Municipal Court Plans South County Annex
South Orange County Municipal Court in Laguna Niguel, where the caseload has skyrocketed with the rapid population growth in the area, will open an annex in early October eight miles away.
The 20,000 square feet of office space on the second floor of a building at 23141 Moulton Parkway, near the intersection of Moulton and Lake Forest Drive, will handle traffic, civil and small-claims cases. No criminal cases will be handled at the annex, said Pamela Lee Iles, presiding south county municipal judge.
The annex, Iles said, is a stop-gap measure until a proposed 11-courtroom facility can be constructed next to the present one, which shares South County Civic Center space with a Sheriff’s Department office, fire station and library at Crown Valley and Alicia parkways.
Louise Napoli, budget manager for the county’s chief administrative officer, said rent for the annex will be about $500,000 a year. The county apparently will pay that amount for several years because of delays in getting funding for the new building, she said. The cost of the new structure is estimated at $20 million.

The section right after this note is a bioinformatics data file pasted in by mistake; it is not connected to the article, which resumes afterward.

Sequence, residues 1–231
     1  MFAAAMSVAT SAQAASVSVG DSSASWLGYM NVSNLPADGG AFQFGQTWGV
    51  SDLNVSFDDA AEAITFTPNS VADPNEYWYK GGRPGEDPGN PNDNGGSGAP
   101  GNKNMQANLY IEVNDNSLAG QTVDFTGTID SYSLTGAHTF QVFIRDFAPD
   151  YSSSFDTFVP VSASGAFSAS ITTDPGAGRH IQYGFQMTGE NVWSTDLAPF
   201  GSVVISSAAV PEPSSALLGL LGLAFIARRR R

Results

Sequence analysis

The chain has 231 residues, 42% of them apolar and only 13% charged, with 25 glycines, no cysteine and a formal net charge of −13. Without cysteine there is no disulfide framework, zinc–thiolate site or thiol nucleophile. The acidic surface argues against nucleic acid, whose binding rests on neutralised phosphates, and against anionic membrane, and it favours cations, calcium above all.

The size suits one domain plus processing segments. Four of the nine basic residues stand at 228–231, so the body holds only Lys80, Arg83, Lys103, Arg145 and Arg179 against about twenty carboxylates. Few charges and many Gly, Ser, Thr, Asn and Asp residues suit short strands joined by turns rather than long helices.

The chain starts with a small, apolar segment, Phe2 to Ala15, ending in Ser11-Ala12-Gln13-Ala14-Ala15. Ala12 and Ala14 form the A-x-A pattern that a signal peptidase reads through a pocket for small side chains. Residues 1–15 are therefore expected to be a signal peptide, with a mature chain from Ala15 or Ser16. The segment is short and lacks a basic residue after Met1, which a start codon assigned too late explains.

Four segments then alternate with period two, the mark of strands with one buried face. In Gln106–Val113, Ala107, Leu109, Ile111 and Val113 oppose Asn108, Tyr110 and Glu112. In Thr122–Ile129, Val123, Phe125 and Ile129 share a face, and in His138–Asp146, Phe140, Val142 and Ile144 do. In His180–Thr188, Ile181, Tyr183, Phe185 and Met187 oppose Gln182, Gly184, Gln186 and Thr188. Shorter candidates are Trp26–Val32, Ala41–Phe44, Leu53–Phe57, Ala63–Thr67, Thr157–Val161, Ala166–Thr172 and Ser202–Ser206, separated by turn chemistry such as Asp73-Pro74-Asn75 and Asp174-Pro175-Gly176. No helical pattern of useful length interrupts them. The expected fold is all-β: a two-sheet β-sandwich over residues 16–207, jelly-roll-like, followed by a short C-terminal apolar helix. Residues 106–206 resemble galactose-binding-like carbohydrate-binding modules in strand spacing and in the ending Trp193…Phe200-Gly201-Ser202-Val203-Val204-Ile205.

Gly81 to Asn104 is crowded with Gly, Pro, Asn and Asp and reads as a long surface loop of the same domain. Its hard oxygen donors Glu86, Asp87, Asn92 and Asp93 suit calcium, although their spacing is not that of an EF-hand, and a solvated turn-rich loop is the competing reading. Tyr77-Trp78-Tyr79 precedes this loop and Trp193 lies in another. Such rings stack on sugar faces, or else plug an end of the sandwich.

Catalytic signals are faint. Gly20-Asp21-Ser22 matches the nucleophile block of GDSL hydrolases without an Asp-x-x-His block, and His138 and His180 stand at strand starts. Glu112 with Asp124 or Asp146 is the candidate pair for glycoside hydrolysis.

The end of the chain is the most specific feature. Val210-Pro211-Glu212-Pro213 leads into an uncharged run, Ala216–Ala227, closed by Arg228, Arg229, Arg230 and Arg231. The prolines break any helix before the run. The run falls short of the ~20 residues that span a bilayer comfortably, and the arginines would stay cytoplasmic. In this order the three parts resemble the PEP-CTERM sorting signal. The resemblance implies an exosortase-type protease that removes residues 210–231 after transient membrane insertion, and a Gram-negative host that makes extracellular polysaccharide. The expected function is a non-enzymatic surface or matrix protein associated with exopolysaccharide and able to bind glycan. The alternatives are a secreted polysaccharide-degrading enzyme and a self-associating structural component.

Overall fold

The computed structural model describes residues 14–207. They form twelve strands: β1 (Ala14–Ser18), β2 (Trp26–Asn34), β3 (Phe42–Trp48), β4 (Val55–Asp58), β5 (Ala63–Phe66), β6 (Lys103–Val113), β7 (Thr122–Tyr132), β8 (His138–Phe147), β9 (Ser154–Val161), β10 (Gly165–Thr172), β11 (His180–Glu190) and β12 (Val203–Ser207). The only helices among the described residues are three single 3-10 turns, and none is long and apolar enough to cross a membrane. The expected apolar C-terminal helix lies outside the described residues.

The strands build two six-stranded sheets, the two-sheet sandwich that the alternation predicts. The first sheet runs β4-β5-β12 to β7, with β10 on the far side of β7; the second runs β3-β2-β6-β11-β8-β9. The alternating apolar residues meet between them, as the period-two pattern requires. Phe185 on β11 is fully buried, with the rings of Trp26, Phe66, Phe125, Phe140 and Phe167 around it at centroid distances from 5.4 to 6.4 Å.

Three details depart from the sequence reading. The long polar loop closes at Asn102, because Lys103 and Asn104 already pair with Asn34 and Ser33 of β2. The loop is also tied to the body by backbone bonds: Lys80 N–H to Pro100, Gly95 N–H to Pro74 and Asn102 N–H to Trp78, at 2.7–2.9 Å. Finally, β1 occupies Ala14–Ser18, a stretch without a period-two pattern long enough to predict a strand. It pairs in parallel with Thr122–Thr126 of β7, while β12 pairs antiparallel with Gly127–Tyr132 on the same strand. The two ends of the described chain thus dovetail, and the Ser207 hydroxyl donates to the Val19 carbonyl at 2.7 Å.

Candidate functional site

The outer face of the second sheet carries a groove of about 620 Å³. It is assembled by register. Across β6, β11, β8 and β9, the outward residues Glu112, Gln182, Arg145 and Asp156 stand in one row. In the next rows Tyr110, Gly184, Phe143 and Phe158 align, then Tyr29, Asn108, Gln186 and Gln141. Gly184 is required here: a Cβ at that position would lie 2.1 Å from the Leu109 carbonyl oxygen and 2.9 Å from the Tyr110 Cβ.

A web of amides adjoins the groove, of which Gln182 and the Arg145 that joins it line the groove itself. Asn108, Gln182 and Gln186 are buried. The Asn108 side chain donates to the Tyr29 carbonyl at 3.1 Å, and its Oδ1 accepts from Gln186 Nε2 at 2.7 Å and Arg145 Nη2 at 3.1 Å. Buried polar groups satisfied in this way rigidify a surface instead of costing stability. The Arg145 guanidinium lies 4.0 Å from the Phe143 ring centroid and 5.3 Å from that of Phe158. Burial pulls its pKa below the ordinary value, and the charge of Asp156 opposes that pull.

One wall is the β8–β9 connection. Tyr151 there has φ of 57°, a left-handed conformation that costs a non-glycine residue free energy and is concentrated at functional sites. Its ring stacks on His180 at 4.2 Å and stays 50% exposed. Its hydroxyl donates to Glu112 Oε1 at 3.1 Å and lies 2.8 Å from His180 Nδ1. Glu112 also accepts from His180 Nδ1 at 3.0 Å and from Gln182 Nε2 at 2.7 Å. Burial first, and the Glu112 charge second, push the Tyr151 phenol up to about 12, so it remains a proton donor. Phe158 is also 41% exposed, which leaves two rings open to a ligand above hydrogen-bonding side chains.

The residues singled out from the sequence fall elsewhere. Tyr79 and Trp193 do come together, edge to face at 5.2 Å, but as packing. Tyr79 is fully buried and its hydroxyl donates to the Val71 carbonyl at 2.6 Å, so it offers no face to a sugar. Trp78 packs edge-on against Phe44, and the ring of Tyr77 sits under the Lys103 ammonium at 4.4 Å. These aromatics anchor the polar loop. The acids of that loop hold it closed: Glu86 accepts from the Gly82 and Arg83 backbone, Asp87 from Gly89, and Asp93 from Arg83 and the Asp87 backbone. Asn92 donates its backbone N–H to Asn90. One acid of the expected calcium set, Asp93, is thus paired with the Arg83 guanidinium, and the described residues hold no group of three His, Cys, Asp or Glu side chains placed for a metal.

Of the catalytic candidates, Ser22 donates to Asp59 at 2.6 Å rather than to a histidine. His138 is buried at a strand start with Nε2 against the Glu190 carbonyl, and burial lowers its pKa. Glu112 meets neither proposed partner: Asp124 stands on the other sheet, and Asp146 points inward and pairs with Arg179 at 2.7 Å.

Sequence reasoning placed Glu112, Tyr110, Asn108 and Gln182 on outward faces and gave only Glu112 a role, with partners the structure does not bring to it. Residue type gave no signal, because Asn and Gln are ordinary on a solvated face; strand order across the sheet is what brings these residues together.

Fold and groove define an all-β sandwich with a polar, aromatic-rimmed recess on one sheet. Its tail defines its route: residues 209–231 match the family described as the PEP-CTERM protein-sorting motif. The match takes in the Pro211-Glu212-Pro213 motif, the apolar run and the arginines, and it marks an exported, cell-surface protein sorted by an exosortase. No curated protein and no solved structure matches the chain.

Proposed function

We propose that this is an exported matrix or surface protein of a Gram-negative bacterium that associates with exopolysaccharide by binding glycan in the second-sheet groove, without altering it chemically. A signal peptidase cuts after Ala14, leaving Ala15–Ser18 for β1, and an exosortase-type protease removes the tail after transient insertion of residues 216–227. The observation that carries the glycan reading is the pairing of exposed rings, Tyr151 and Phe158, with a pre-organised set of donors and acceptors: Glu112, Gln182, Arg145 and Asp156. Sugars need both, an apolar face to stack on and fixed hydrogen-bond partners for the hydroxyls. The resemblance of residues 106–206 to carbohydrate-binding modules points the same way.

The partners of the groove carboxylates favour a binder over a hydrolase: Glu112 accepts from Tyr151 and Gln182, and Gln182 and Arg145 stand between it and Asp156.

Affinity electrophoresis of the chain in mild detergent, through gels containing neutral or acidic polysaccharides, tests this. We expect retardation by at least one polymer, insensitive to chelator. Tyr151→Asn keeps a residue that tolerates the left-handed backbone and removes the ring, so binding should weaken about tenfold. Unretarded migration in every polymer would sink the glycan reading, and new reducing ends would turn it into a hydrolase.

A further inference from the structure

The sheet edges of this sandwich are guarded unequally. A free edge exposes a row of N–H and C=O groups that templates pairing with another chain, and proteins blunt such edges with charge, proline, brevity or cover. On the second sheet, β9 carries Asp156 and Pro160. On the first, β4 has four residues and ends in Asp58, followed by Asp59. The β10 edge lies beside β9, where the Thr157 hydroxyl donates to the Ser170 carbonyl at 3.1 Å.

Chief Deputy Clerk Joyce Zeigler said that about 50 people will be transferred to the annex. Soon after the move on Oct. 3, three commissioners will be named to adjudicate cases there.
Caseload statistics for the four courtrooms at the Civic Center demonstrate the need for the annex, court officials said.
Robert Strayer, head of the court services department, said the South Orange County Municipal Court processed 49,999 traffic cases in 1986. The figure jumped to 65,926 cases in 1987, and by June had already reached 37,976 for 1988.
Strayer said there were 15,514 filings in criminal cases in 1986 and 18,510 in 1987.
Civil cases, which are recorded by the fiscal year ending in June, numbered 4,542 in 1986-87 and 5,077 in 1987-88, he said. Small-claims cases showed a slight decrease from 2,650 to 2,572 in the same periods. The drop, Strayer said, was probably because of people waiting to file lawsuits after Jan. 1, 1989, when a new law will take effect allowing them to sue in small-claims court for a maximum of $2,000 rather than the present $1,500.